people experience this same issue.

Thanks,
Adam

On Tue, May 3, 2011 at 6:12 AM, John A. Sullivan III
<jsullivan@opensourcedevel.com> wrote:
> On Mon, 2011-05-02 at 22:04 -0700, Malahal Naineni wrote:
>> John A. Sullivan III [jsullivan@opensourcedevel.com] wrote:
>> > I'm also very curious about your findings on rr_min_io. *I cannot find
>> > my benchmarks but we tested various settings heavily. *I do not recall
>> > if we saw more even scaling with 10 or 100. *I remember being surprised
>> > that performance with it set to 1 was poor. *I would have thought that,
>> > in a bonded environment, changing paths per iSCSI command would give
>> > optimal performance. *Can anyone explain why it does not?
>>
>> rr_min_io of 1 will give poor performance if your multipath kernel
>> module doesn't support request based multipath. In those BIO based
>> multipath, multipath receives 4KB requests. Such requests can't be
>> coalesced if they are sent on different paths.
> <snip>
> Ah, that makes perfect sense and why 3 seems to be the magic number in
> Linux (4000 / 1460 (or whatever IP payload is)). *Does that change with
> Jumbo frames? In fact, how would that be optimized in Linux?
>
> 9KB seems to be a reasonable common jumbo frame value for various
> vendors and that should contain two pages but, I would guess, Linux
> can't utilize it as each block must be independently acknowledged. Is
> that correct? Thus a frame size of a little over 4KB would be optimal
> for Linux?
>
> Would that mean that rr_min_io of 1 would become optimal? However, if
> each block needs to be acknowledged before the next is sent, I would
> think we are still latency bound, i.e., even if I can send four requests
> down four separate paths, I cannot send the second until the first has
> been acknowledged and since I can easily place four packets on the same
> path within the latency period of four packets, multibus gives me
> absolutely no performance advantage for a single iSCSI stream and only
> proves useful as I start multiplexing multiple iSCSI streams.
>
> Is that analysis correct? If so, what constitutes a separate iSCSI
> stream? Are two separate file requests from the same file systems to the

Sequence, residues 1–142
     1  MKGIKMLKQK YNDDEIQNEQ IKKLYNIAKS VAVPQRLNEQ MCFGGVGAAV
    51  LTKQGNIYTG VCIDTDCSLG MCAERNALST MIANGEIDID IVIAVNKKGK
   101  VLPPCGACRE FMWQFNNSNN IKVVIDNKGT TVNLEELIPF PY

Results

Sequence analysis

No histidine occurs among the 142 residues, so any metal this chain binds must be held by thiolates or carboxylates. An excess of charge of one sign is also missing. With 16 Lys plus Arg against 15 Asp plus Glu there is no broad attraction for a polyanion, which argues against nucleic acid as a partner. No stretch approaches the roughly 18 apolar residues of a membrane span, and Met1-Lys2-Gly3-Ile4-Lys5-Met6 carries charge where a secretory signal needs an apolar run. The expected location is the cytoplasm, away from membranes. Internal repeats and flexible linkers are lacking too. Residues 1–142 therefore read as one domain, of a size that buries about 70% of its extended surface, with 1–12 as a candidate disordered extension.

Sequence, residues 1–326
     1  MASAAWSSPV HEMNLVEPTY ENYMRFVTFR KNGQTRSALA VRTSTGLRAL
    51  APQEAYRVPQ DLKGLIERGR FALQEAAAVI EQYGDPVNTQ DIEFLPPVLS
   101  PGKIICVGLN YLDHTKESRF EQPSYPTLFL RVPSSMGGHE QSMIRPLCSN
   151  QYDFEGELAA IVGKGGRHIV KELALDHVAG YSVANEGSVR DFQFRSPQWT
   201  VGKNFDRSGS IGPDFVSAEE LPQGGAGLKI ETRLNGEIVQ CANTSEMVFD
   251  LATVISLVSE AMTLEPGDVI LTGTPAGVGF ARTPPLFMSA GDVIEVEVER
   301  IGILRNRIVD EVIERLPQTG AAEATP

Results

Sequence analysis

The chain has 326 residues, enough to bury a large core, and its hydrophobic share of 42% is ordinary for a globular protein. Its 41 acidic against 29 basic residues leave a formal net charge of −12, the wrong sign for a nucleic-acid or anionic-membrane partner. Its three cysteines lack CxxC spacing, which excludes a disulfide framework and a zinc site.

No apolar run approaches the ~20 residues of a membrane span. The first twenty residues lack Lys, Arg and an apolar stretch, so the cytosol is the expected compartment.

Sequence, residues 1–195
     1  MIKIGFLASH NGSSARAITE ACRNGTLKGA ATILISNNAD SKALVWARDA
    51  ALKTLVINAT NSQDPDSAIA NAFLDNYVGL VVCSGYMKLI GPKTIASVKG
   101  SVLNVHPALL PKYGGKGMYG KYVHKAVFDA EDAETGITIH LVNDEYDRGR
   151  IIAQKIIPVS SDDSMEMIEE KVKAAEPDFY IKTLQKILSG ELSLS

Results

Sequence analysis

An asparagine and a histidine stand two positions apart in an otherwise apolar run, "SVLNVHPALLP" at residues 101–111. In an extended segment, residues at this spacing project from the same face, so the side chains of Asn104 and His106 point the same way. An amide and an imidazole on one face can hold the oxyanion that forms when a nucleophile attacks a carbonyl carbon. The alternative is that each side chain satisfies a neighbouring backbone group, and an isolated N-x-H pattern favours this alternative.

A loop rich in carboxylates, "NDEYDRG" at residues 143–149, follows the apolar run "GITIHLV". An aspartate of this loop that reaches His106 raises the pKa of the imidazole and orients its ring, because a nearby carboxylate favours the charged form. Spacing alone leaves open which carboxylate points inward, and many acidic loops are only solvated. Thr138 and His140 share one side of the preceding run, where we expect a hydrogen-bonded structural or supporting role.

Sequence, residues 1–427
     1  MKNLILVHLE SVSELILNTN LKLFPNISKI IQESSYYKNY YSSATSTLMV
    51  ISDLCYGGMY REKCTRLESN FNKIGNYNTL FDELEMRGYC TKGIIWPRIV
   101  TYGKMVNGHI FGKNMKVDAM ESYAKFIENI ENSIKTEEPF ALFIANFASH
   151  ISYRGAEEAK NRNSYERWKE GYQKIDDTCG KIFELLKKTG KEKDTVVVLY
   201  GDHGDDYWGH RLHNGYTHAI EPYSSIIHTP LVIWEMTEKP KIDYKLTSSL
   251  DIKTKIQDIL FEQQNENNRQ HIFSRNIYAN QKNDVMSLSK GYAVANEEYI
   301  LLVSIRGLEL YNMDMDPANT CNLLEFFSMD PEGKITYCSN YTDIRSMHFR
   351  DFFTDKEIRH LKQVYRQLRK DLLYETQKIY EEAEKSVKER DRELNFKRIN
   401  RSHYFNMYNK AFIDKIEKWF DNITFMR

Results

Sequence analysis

> same iSCSI device considered two iSCSI streams and thus can be
> multiplexed and benefit from multipath or are they considered all part
> of the same iSCSI stream? If they are considered one, do they become two
> if they reside on different partitions and thus different file systems?
> If not, then do we only see multibus performance gains between a single
> file system host and a single iSCSI host when we use virtualization each
> with their own iSCSI connection (as opposed to using iSCSI connections
> in the underlying host and exposing them to the virtual machines as
> local storage)?
>
> I hope I'm not hijacking this thread and realize I've asked some
> convoluted questions but optimizing multibus through bonded links for
> single large hosts is still a bit of a mystery to me. *Thanks - John
>
> --
> dm-devel mailing list
> dm-devel@redhat.com
> https://www.redhat.com/mailman/listinfo/dm-devel
>

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Old 10-04-2011, 08:19 PM
Adam Chasen
 
Default Round-robin performance limit

Unfortunately even with playing around with various settings, queues,
and other techniques, I was never able to exceed the bandwidth of more
than one of the Ethernet links when accessing a single multipathed
LUN.

When communicating with two different multipathed LUNs, which present
as two different multipath devices, I can saturate two links, but it
is still a one to one ratio of multipath devices to link saturation.

After further research on multipathing, it appears people are using md
raid to achieve multipathed devices. My initial testing of using raid0
md-raid device produces the behavior I expect of multipathed devices.
I can easily saturate both links during read operations.

I feel using md-raid is a less elegant solution than using
dm-multipath, but it will have to suffice until someone can provide me
some additional guidance.

Thanks,
Adam

On Mon, Oct 3, 2011 at 11:08 PM, Adam Chasen <adam@chasen.name> wrote:
> Malahal,
> After your mentioning bio vs request based I attempted to determine if
> my kernel contains the request based mpath. It seems in 2.6.31 all
> mpath was switched to request based. I have a kernel 2.6.31+ (actually
> .35 and .38), so I believe I have requrest-based mpath.
>
> All,
> There also appears to be a new multipath configuration option
> documented in the RHEL 6 beta documentation:
> rr_min_io_rq * *Specifies the number of I/O requests to route to a path
> before switching to the next path in the current path group, using
> request-based device-mapper-multipath. This setting should be used on
> systems running current kernels. On systems running kernels older than
> 2.6.31, use rr_min_io. The default value is 1.
>
> http://docs.redhat.com/docs/en-US/Red_Hat_Enterprise_Linux/6-Beta/html/DM_Multipath/config_file_multipath.html
>
> I have not tested using this setting vs rr_min_io yet or even if my
> system supports the configuration directive.
>
> If I trust some of the claims of several VMware ESX iscsi multipath
> setups, it is possible (possibly using different software) to gain a
> multiplicative throughput by adding additional Ethernet links. This
> makes me hopeful that we can do this with open-iscsi and dm-mulitpath
> as well.
>
> It could be something obvious I am missing, but it appears a lot of
> people experience this same issue.
>
> Thanks,
> Adam
>
> On Tue, May 3, 2011 at 6:12 AM, John A. Sullivan III
> <jsullivan@opensourcedevel.com> wrote:
>> On Mon, 2011-05-02 at 22:04 -0700, Malahal Naineni wrote:
>>> John A. Sullivan III [jsullivan@opensourcedevel.com] wrote:
>>> > I'm also very curious about your findings on rr_min_io. *I cannot find